Frank, meanwhile, is carjacked by the Mexicans, upset over the fact that they no longer have a club in which to move their product. Despite being given the cool million in his suitcase, they stab Frank and leave him for dead in the desert. Frank, never one to go do without trying, does his best to walk out, to no avail. It was a stunning scene, filled with hallucinations of Frank’s demons, demons he ignored in life coming to face him in death. It wasn’t meant to be, and Frank, as you can imagine, succumbs to the heat and the blood loss.

Ani, however, makes it out of the country, meeting up with Jordan in Venezuela to begin their new life in hiding. While the machinations of California continue to turn—Tony Chessani is sworn in as new mayor of Vinci following his father’s murder, promotions are given all around, the rail gets built, Woodrugh receives a memorial highway—it seems as though everyone got away with it. There’s that hopelessness again, closing in and refusing to let you go. Just as the darkness seems to be most impenetrable, the light finds a foothold.

The entire season, we learn, has been Bezzerides recounting her story to a member of the press. She’s laid it all out—Caspere’s murder, the corruption, the blue diamonds—in full detail. The story will be told, and an accounting will be made. Woodrugh, Velcoro, even Frank…none of them died in vain. The world will soon learn the truth, and someone will fall for this mess.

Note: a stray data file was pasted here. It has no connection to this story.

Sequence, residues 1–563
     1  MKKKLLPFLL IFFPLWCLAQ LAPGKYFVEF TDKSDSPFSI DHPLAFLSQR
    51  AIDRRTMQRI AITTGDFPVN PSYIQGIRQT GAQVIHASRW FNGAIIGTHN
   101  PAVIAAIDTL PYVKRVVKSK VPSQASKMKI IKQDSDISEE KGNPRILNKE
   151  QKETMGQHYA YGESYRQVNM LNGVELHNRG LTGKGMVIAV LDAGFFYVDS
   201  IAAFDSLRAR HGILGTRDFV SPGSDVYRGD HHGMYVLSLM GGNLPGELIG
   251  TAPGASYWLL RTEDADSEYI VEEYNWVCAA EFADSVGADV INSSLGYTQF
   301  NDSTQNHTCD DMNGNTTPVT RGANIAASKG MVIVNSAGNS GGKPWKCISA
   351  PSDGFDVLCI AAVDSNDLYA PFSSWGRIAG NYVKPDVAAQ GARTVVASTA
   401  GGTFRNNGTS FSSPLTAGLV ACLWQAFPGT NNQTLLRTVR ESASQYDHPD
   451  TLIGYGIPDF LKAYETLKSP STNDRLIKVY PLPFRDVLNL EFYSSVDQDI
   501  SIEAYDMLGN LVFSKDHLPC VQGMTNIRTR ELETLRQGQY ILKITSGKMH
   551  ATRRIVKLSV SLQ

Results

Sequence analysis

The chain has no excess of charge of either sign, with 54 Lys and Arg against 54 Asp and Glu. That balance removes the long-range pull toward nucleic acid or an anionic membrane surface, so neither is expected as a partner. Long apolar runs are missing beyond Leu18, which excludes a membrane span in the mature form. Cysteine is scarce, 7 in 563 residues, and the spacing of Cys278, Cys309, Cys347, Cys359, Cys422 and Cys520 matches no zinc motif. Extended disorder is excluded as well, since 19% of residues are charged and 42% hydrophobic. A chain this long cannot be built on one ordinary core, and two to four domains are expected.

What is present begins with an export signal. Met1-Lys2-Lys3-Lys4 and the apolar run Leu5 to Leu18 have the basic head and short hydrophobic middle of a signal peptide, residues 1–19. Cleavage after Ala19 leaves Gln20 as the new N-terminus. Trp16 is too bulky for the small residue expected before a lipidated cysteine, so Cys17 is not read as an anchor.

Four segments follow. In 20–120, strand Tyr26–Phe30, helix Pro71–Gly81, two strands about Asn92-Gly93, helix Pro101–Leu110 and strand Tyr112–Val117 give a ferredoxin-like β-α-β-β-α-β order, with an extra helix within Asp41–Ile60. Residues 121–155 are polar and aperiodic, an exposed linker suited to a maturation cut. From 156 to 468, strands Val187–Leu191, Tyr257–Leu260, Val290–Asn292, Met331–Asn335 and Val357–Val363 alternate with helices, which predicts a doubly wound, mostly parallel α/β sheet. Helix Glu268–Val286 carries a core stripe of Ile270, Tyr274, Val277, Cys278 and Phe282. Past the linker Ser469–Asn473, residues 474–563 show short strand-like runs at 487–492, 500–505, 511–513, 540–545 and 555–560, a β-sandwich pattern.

Ani, Jordan, her new baby (the one Frank always wanted), and Nails make their way through the crowded Venezuelan streets. The reporter looks over the wealth of information he’s been given. Through all the darkness, light—life—finds a way.

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While season two may have, at times, been somewhat uneven, overall it was a solid outing for HBO and Pizzolatto. Did it live up to season one? No. But was that possible? I don’t think it was. Season one was so lauded because it was so unexpected; people forget how out of nowhere the show came. It had no expectations to live up to, and people were able to take it at face value. Unfortunately for Pizzolatto, it set the bar pretty high, and people came into season two thinking they’d get more of the same, despite the understanding that season two would be a completely different beast. Perhaps that’s the best way to look at this series.

For all the hate the season has gotten, I expect that it will receive some reevaluation over the coming months and years. I have to wonder: will people who watch this all in one go have a different opinion? This feels like a season meant to binge. With so much information to digest, I suppose I can see where people would have a hard time keeping everything straight week to week. But for all the twists and turns, it was pretty straightforward. I don’t think it’s possible it will ever be as highly regarded as the first season, but don’t be surprised if you see articles to the effect of “Why Season Two Was Actually Great” in the months before season three premieres. While it wasn’t as good as its predecessor, it stands on its own and is every bit as worthy of the True Detective title.